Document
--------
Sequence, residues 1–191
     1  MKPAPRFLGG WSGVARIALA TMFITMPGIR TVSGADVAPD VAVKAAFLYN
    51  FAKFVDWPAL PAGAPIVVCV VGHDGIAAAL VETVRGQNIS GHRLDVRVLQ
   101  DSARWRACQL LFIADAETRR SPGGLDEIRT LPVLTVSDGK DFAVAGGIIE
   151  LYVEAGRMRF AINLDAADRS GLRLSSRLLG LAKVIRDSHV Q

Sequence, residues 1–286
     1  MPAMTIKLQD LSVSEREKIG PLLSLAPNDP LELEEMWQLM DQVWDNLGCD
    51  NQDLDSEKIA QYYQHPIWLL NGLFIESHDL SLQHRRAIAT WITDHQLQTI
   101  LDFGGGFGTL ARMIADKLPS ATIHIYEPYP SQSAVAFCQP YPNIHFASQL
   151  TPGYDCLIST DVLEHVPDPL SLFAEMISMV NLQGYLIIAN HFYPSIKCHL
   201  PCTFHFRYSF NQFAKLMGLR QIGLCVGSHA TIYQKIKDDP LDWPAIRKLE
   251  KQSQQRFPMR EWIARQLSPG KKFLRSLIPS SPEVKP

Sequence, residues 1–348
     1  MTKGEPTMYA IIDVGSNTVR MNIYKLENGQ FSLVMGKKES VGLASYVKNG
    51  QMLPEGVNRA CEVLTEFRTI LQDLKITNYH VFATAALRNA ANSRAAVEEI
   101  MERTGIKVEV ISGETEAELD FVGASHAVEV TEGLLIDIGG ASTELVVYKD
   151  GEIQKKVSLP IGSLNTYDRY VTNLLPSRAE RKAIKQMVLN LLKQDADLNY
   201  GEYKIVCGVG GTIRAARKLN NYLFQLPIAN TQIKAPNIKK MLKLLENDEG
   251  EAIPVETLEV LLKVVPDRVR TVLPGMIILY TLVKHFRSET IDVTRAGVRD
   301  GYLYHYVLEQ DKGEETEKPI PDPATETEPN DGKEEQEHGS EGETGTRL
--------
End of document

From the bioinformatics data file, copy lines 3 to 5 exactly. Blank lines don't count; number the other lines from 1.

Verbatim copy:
    51  FAKFVDWPAL PAGAPIVVCV VGHDGIAAAL VETVRGQNIS GHRLDVRVLQ
   101  DSARWRACQL LFIADAETRR SPGGLDEIRT LPVLTVSDGK DFAVAGGIIE
   151  LYVEAGRMRF AINLDAADRS GLRLSSRLLG LAKVIRDSHV Q